Fifth Healthy Habit: Rest and Exercise
Did you know writing while tired can be a big waste of time? In fact, writing while tired can actually hinder your words. You will have to fix everything you wrote when you have slept and feel more alert. Also, the lack of exercise can cause you to feel drowsy and fatigued. It is an interesting fact that the more we exercise, the more alert our minds become. Writing is a very sedentary activity. Without exercise, our muscles will atrophy from disuse.
- Get 7 – 8 hours of sleep every night. Since a lot of writing can be done at home, the computer is always calling us to work. However, like any job, we must punch in our time card and call it a day.
- Try to sleep at the same time and wake up at the same time every day. This will give your body a routine, which will help it save energy when it’s time to write.
- If the writing muse does hit you in the middle of the night, try to take a nap the following day. If you take sleeping hours to write, your body will demand those hours back.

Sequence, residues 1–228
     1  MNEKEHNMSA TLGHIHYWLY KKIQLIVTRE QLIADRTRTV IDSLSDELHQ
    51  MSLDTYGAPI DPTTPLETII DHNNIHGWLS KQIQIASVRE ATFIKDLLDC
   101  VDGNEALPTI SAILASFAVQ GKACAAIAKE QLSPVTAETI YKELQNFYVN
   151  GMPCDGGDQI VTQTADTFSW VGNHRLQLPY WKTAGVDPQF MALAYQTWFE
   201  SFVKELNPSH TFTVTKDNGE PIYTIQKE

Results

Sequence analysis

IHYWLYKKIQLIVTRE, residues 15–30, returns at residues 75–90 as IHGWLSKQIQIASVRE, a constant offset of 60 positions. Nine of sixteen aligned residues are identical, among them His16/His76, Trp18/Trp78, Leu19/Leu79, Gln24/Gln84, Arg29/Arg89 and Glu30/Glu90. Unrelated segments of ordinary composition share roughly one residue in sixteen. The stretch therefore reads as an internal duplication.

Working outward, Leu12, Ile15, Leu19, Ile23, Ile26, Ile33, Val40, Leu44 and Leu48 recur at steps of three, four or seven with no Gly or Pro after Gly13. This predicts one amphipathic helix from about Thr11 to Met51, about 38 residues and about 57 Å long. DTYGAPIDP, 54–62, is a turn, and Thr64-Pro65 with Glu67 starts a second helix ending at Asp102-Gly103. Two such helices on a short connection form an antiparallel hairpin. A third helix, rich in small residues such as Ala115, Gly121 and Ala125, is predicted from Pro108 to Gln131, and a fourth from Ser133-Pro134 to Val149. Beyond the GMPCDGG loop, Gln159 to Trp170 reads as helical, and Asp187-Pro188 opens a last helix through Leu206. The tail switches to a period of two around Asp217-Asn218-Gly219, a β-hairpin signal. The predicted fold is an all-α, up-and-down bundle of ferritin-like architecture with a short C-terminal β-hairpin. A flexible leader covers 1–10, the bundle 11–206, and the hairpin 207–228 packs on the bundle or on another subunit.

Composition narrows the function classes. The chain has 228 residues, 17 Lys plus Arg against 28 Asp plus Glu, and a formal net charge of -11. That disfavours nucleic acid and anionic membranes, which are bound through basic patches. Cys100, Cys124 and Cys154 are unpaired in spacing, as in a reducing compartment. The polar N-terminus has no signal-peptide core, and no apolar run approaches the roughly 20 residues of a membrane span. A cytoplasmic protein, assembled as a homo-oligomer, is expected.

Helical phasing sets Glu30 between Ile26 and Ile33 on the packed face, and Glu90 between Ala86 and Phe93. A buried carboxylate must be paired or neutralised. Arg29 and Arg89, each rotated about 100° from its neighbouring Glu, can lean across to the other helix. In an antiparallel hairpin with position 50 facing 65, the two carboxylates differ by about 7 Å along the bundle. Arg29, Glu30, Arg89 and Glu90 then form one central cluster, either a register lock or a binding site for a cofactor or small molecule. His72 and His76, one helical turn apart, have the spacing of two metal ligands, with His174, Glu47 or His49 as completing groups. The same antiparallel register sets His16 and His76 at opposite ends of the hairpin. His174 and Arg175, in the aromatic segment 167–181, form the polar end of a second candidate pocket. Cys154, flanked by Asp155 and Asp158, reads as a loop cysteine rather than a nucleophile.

- You can get lost in your writing, so you may have to set a desk timer to loudly signify when it’s time to finish up. Deadlines can be difficult and long, so you can set the desk timer for when you need to take a break.
- Exercise is a must for all writers. Writing is a sedentary job. Your brain is working while your body is stagnant. Now it’s time to allow your brain to rest and get your body active with exercise.
- Take a walk, head to the gym, do a workout video or lift some weights – whatever you do, get moving.
- Aim to workout 4 days a week for 40 minutes at a time. This exercise will not only make your body feel better and prevent weight-related diseases, but it will also keep your mind sharp and alert for your writing.